Leakage from old copper mine

Leakage from old copper mine

REXSAC PhD student Sandra Fischer and colleagues investigated the water quality near the abandoned copper mine Nautanen  in northern Sweden. The results have now been published in Sustainability.

Disproportionate Water Quality Impacts from the Century-Old Nautanen Copper Mines, Northern Sweden

Sandra Fischer, Gunhild Rosqvist, Sergey R. Chalov and Jerker Jarsjö

Sustainability 2020, 12, 1394; doi:10.3390/su12041394

Link to full article


Pollution from small historical mining sites is usually overlooked, in contrast to larger ones. Especially in the Arctic, knowledge gaps remain regarding the long-term mine waste impacts, such as metal leakage, on water quality. We study the small copper (Cu) mines of Nautanen, northern Sweden, which had been in operation for only six years when abandoned approximately 110 years ago in 1908. Measurements from field campaigns in 2017 are compared to synthesized historical measurement data from 1993 to 2014, and our results show that concentrations of Cu, Zn, and Cd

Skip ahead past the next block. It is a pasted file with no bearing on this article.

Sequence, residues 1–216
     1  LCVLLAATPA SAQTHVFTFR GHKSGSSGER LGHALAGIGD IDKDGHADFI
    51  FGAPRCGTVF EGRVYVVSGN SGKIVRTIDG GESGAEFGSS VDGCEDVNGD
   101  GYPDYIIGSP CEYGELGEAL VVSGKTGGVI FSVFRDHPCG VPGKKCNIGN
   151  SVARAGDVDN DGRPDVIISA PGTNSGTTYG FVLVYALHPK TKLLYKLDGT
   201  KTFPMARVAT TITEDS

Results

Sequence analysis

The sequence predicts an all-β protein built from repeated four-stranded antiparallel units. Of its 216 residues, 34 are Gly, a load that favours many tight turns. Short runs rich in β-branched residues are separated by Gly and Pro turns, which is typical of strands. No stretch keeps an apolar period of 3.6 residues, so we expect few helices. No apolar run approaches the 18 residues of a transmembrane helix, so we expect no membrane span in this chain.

on-site as well as downstream from the mining site are order(s) of magnitude higher than the local background values. This is despite the small scale of the Nautanen mining site, the short duration of operation, and the long time since closure. Considering the small amount of waste produced at Nautanen, the metal loads from Nautanen are still surprisingly high compared to the metal loads from larger mines. We argue that disproportionately large amounts of metals may be added to surface water systems from the numerous small abandoned mining sites. Such pollution loads need to be accounted for in sustainable assessments of total pollutant pressures in the relatively vulnerable Arctic environment.

Photo: Field work at Nautanen. Photo: Dag Avango